EVO takes a look at four greats from a soon-to-be old school group of cars. They will be considered 'old school' not just because of their age, but because of new technology and the changing demands on performance cars.
Why has EVO gathered these cars up for a day of driving fun, but also lament? Because the M3 and the others cars in this group are "united under a dark cloud of recent or imminent death. Of course there will be another GT3, another M3 and another Clio Cup, but they won’t quite be the same. The cars that replace these machines will each lose something at the burning core of their appeal."
So, these cars are "a celebration of genuine evo Hall of Famers, one final triumphant drive into the heart of our favourite stomping ground, one final plea to the people who have crafted these extraordinary cars to never forget what made them so special… These cars are united by their tight focus and sublime execution, united by a dedication to thrill the lucky blighter behind the steering wheel."
The final car of our quartet is the BMW M3. The M3 may have started life as a homologation machine pure and simple, but those who pine for the old days neglect just how fantastic the newer cars have become. The E46 was fantastic and despite some lukewarm reviews in the early days, the E92 V8 M3 remains the benchmark fast, practical coupe by a country mile in my opinion. Anyone who tells you it isn’t hasn’t driven one or has forgotten just how exceptional this car is. OurTM3 is actually a 2007 car owned by Adam Walker, evo reader and my new best mate since he’s letting me drive his pride and joy as much as I like and at any angle that seems appropriate.
Of course, the M3 plays the same trick, offering a similarly broad repertoire and a phenomenal engine of its own. It’s also the bargain of the moment. This 40,000-mile ’07 example is worth around £22,000. Yet it has a 4-litre V8 with 414bhp at 8300rpm and hits 100mph in 10sec, it’s beautifully built and sweats a brooding aggression that hasn’t dated a day since its launch. In keeping with our purist theme, this car has a manual ’box and does without the adjustable EDC dampers.
On the very worst sections of road, you do miss EDC just a little as the car bounces where the slightly softer Comfort mode of the adjustable set-up might let it breathe. Having said that, there’s no escaping the M3’s inherent qualities. The engine takes centre stage. It’s incredibly sharp and revs with the manic appetite of a supercar. The M3 is often said to have ‘no torque’. This, my friends, is hogwash. OK, so it doesn’t have the mambo of a 6.2-litre V8 made by AMG, but 295lb ft at 3900rpm isn’t so bad. More importantly, it pulls hard from 2500rpm and if you were to restrict yourself to just 5000rpm you’d still make seriously quick progress. And you’d still have another 3500rpm to go…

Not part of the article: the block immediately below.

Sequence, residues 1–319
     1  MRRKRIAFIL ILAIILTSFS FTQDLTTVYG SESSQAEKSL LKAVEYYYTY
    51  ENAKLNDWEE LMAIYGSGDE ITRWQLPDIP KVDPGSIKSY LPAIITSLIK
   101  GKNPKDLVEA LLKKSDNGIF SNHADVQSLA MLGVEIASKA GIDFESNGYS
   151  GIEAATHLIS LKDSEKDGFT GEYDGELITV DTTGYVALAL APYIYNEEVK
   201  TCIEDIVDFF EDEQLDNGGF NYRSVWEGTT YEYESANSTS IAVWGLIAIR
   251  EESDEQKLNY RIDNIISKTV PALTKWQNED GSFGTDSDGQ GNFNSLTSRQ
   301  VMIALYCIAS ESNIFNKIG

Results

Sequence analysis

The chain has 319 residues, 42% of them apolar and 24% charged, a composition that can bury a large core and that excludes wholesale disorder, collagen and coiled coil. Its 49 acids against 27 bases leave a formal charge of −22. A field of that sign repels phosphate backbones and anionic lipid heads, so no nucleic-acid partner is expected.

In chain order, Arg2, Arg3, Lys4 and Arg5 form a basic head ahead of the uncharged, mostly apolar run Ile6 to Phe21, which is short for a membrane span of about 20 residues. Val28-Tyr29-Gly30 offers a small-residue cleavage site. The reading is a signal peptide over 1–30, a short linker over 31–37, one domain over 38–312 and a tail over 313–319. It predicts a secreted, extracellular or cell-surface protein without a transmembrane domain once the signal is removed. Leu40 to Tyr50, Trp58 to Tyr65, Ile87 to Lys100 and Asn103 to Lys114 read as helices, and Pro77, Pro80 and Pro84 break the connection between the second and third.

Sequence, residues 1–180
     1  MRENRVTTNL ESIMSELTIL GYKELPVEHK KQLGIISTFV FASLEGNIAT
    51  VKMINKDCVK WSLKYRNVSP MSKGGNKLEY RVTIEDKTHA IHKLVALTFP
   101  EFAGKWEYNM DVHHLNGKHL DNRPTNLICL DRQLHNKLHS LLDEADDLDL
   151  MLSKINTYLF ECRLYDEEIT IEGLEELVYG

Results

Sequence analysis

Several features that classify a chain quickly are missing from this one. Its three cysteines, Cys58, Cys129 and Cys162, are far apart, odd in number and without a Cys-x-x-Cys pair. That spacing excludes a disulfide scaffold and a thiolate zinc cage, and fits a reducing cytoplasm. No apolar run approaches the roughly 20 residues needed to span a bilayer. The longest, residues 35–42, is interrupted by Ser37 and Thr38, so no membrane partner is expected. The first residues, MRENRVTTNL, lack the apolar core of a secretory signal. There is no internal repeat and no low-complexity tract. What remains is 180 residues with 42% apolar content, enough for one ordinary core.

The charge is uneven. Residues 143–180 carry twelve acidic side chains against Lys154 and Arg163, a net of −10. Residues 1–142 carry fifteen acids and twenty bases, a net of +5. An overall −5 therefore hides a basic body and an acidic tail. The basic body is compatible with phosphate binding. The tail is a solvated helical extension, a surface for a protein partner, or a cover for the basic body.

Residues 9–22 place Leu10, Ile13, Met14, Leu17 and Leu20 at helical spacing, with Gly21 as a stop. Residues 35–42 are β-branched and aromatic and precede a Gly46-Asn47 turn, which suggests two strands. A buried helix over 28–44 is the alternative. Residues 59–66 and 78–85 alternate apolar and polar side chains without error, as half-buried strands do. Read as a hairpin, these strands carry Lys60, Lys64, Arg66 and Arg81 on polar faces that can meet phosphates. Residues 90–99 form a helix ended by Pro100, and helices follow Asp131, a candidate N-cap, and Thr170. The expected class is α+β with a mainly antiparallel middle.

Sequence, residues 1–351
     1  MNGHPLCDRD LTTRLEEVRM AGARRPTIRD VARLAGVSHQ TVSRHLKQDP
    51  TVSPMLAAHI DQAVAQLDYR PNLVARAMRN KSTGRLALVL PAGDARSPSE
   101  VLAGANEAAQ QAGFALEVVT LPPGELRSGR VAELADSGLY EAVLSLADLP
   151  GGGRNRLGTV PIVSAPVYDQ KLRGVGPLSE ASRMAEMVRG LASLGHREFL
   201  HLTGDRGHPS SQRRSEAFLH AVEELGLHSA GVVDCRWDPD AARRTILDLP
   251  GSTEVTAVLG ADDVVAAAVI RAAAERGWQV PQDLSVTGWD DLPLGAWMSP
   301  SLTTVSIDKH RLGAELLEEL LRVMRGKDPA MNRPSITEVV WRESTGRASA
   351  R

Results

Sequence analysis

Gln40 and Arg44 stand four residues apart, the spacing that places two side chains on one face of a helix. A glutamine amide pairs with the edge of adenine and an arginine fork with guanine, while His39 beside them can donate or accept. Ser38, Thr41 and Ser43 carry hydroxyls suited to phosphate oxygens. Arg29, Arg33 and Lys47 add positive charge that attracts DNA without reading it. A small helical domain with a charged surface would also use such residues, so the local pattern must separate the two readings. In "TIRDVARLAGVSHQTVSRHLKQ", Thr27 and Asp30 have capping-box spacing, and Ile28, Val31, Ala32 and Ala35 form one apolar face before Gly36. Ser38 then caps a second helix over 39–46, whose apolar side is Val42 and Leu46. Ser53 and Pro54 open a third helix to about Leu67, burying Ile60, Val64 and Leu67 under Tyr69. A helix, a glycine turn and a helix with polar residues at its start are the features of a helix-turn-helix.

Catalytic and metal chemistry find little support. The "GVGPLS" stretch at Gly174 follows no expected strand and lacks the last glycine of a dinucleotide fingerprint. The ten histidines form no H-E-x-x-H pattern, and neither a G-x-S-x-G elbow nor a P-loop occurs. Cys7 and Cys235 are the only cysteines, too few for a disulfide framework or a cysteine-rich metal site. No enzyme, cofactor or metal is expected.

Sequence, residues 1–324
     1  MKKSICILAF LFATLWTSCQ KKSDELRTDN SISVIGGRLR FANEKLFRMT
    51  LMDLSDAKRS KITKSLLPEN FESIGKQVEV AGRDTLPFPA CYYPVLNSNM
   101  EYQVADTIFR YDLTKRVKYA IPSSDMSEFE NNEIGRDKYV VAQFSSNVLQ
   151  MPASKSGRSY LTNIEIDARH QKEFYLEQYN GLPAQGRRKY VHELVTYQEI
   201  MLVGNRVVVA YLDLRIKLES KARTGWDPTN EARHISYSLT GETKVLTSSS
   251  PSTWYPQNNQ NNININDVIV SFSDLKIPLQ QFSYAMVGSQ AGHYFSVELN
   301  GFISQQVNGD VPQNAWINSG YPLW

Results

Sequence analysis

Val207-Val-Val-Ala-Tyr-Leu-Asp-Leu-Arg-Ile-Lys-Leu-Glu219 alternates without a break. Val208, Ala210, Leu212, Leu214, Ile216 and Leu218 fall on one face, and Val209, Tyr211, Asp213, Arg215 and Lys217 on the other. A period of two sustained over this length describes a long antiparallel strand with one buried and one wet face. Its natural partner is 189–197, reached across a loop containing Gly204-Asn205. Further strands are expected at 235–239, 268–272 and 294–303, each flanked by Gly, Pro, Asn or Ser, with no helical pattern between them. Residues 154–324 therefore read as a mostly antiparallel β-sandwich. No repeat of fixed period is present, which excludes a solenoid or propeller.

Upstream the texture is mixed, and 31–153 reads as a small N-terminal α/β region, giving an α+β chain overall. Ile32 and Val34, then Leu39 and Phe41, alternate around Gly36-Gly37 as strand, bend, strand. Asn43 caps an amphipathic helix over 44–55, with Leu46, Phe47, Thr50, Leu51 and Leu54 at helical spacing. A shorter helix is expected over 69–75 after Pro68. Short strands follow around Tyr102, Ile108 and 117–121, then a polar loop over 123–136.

The V8 is also the perfect match for the chassis, allowing it to really hook-up even out of second-gear corners and giving you a progressive and vast power band to play in should you overwhelm the rear tyres. And you will. I mean, why not? The M3 has sublime balance and although it can snap away pretty quickly initially, once you’ve caught that first spike you’re plum in the middle of the sort of oversteer you like to daydream about. Matching this progression and the M3’s natural ability to indulge will be the M division’s biggest challenge for the next M3. Can it make a turbocharged engine as intuitive to modulate so precisely? I hope so. It might also want to improve the braking system’s resilience (nothing wrong with the feel), give the damping slightly more control on bumpy surfaces and dial more feel into the steering. If it manages all that, the next M3 will be quite something. Quite something indeed.
To see what they have to say about the other three soon-to-be replaced or extinct hero cars, head on over to EVO